I have spent the past three and a half months working as an ebooks assistant for an Oxford based Christian publishing house producing books that aim to illuminate, detail, debate, commodify, beautify, and question the Christian faith in non-fiction and fiction offerings, and with over 300 ebook titles already selling on all major retailer/online portals.
Here are my top ten tips for anyone freshly entering the ebooks arena.
Being device-agnostic is a good starting point for a good ebooks assistant! The Kindle might refuse to catch good signal, or your version of Calibre (an ebook viewing library that lets you read all major ebook formats the way they would appear on e-reading devices but from the luxury of your PC/Mac screen) might not display the bold text or appropriate leading. Keep checking your ePub and Mobi files simultaneously on all e-reading devices. Versions of Calibre differ, and making sure your software is updated and that all devices are displaying text accurately, is key to being on the ‘same page’. Widows and orphans can reflow, unless you are dealing with a fixed format text, wherein these would be errors.
Sharp proofreading skills and supreme attention to detail will only reward you as files keep shuffling between being sent for conversion, corrections and before they are finally uploaded to retailer portals error-free!
Focused instruction and well-annotated guidelines are the key to error-free ebooks! When creating editorial guidelines/handover forms for ebook conversion whether for an external supplier or in-house, provide focused instruction on the design features in the book that could affect electronic output. Flag up images, diagrams, tables, indents, line breaks, italics, bold, positioning of text, bullets, en rules, em-rules, unique symbols that are unusual. State relevant page numbers or line numbers as in the original text, and advise with 100% accuracy.
De-archive with draconian order. Honour all fonts and links; gain agility across all design and software programs, and versions! Ensure the right files are available at a known location and mark up all locations for reference. Sometimes old print files may not be available, and having a handy document that lists what’s available and what’s not, speeds up decisions in purchasing/allocating e-ISBNs!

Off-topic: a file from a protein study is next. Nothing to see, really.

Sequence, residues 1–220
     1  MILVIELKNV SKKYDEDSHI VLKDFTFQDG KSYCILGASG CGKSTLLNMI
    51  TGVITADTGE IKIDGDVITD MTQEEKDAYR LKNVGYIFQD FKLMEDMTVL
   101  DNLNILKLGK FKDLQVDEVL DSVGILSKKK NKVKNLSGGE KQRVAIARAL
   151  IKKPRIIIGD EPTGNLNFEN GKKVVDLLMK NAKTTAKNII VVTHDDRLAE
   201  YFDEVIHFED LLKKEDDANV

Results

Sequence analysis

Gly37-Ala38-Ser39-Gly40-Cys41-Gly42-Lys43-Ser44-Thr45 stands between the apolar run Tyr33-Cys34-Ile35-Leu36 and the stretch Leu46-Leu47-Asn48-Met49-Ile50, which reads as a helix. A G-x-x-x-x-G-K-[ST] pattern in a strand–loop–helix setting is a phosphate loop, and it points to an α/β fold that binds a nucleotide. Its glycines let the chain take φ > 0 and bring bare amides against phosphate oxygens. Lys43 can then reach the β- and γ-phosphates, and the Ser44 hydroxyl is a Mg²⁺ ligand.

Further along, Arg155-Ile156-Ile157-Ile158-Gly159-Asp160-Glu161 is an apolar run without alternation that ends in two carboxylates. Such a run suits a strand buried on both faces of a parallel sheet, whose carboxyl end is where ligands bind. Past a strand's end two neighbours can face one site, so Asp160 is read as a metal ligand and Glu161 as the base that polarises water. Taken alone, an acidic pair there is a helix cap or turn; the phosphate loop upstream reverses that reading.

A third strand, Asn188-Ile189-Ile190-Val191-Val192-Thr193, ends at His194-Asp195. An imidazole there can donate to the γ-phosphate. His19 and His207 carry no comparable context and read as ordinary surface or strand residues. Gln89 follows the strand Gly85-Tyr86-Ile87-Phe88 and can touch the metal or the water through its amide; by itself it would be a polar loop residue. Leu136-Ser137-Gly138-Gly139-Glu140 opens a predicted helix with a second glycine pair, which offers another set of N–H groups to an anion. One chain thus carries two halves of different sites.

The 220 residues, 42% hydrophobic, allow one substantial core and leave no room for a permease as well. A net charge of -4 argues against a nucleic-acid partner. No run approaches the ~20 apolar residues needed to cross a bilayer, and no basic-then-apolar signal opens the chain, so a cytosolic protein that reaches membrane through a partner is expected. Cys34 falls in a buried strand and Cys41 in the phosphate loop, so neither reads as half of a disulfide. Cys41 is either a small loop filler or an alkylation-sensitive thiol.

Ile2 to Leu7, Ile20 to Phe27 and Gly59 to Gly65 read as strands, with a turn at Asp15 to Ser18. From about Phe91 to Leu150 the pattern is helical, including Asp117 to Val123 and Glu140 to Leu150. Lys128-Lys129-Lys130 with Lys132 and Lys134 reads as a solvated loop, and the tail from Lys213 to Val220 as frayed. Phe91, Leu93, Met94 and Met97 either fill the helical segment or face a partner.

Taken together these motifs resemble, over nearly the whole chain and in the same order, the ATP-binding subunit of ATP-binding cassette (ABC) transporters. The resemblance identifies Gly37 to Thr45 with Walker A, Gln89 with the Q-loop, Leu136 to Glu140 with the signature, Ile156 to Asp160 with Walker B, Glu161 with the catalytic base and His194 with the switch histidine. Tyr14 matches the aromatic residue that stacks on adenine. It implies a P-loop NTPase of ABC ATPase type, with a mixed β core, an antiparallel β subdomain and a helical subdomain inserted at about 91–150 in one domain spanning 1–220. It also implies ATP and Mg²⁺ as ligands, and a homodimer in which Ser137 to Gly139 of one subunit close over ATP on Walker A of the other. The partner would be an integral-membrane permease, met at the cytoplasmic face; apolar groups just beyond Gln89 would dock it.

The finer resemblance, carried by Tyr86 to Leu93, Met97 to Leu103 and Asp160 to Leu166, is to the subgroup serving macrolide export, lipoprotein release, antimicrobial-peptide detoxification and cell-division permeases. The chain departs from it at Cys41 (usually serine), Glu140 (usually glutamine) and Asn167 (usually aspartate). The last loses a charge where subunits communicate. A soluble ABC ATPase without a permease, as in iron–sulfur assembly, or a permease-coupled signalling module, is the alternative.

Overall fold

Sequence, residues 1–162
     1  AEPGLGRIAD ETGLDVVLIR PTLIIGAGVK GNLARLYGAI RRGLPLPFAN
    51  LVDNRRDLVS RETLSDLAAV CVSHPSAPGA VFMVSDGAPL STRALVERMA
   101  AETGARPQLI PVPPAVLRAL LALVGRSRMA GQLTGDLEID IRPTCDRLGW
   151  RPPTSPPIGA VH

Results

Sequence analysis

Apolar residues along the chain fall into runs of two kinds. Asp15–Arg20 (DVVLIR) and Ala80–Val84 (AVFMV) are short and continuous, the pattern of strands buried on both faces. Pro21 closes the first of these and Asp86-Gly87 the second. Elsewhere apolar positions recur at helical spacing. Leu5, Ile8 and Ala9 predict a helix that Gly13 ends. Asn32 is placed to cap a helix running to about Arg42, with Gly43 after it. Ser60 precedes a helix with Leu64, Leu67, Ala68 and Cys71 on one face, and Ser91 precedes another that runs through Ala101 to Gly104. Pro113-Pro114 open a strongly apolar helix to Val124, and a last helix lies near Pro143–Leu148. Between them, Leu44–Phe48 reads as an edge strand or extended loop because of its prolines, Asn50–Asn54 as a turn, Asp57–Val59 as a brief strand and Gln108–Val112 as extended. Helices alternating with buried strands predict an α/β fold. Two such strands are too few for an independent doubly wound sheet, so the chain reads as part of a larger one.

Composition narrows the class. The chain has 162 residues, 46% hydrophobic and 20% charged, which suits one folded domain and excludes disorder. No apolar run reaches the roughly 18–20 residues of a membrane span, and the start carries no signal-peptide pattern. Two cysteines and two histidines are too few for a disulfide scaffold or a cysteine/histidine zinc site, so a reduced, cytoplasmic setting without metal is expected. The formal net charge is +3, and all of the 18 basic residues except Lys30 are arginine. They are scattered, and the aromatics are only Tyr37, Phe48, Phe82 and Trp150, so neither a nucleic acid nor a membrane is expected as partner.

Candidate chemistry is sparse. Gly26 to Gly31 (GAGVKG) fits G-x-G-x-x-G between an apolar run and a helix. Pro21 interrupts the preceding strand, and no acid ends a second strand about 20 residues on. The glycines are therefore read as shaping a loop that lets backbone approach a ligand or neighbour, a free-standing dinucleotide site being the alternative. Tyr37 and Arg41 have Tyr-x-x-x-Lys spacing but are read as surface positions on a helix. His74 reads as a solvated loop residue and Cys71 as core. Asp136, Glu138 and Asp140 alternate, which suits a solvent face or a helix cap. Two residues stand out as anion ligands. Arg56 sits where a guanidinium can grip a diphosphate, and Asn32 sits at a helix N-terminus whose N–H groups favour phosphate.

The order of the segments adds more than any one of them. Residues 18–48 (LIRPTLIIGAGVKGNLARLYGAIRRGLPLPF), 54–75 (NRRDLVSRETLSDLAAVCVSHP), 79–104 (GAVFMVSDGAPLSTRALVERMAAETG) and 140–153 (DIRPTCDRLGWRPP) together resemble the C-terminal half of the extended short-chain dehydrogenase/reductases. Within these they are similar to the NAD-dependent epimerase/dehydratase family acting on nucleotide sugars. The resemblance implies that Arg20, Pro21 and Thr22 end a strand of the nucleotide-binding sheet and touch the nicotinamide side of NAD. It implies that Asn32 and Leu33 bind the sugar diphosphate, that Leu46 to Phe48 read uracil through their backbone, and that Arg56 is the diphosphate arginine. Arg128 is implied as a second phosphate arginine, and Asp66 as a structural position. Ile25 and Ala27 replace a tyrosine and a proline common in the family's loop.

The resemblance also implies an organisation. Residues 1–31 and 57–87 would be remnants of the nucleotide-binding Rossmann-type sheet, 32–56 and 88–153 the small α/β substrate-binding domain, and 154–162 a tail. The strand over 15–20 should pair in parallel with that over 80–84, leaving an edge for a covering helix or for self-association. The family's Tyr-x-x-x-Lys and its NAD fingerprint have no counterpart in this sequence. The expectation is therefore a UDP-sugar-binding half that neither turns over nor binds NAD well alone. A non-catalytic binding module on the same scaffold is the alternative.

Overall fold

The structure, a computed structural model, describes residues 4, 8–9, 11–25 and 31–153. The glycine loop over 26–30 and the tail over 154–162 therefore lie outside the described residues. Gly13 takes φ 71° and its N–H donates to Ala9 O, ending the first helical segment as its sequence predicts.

Play designer, but consult a real one too! Alter biblio pages, scrap the back cover or craft new layers on the cover. Add acknowledgments or copy/reprint corrections as required by your editor for ebooks or Print-on-demand as per the spec provided. But, this work can be fiddly when you are trawling ancient files or complex ones, so get a real designer to sign-off all your work!
Author contracts vary from pre-digital times into post electronic-age ones. Check for explicit clauses on ebook rights and agreed royalty rates. Which authors and agents have you contacted? Who has requested to retain their electronic rights? Communicate in clear and precise spread sheets that are easy for everyone to follow. Review your backlist and frontlist regularly to progress your ebook work.
Clearing permissions and extending image/external content rights demands careful and strong negotiation skills. Track the duration and territories for all licenses and seek a rate sheet from all vendors to ensure you are not being overcharged. The mantra is file, file, file!
Do not be shy to question and understand your consumer; I embraced all things faith-lit including self-help, religio-spiritual and history books by authors diverse as Thomas Cahill, Brother Yin and Margaret Silf including specific books on Alzheimer’s, Dementia and Parkinson’s to understand the language of my publisher.
A sales perspective will always inform your publisher’s editorial initiatives. Faith based books in particular could open up a can of worms when publishing internationally. For instance, ‘meditation’ might be better understood than ‘reflection’ in global markets. Similarly, one of the first books I read and digitised was The Weight of Mercy, which, if published in another country, might sell better as ‘The Game of Mercy’.
Seek professional mentorship from beyond your supervisor, because mixing skills across departments can be inspiring!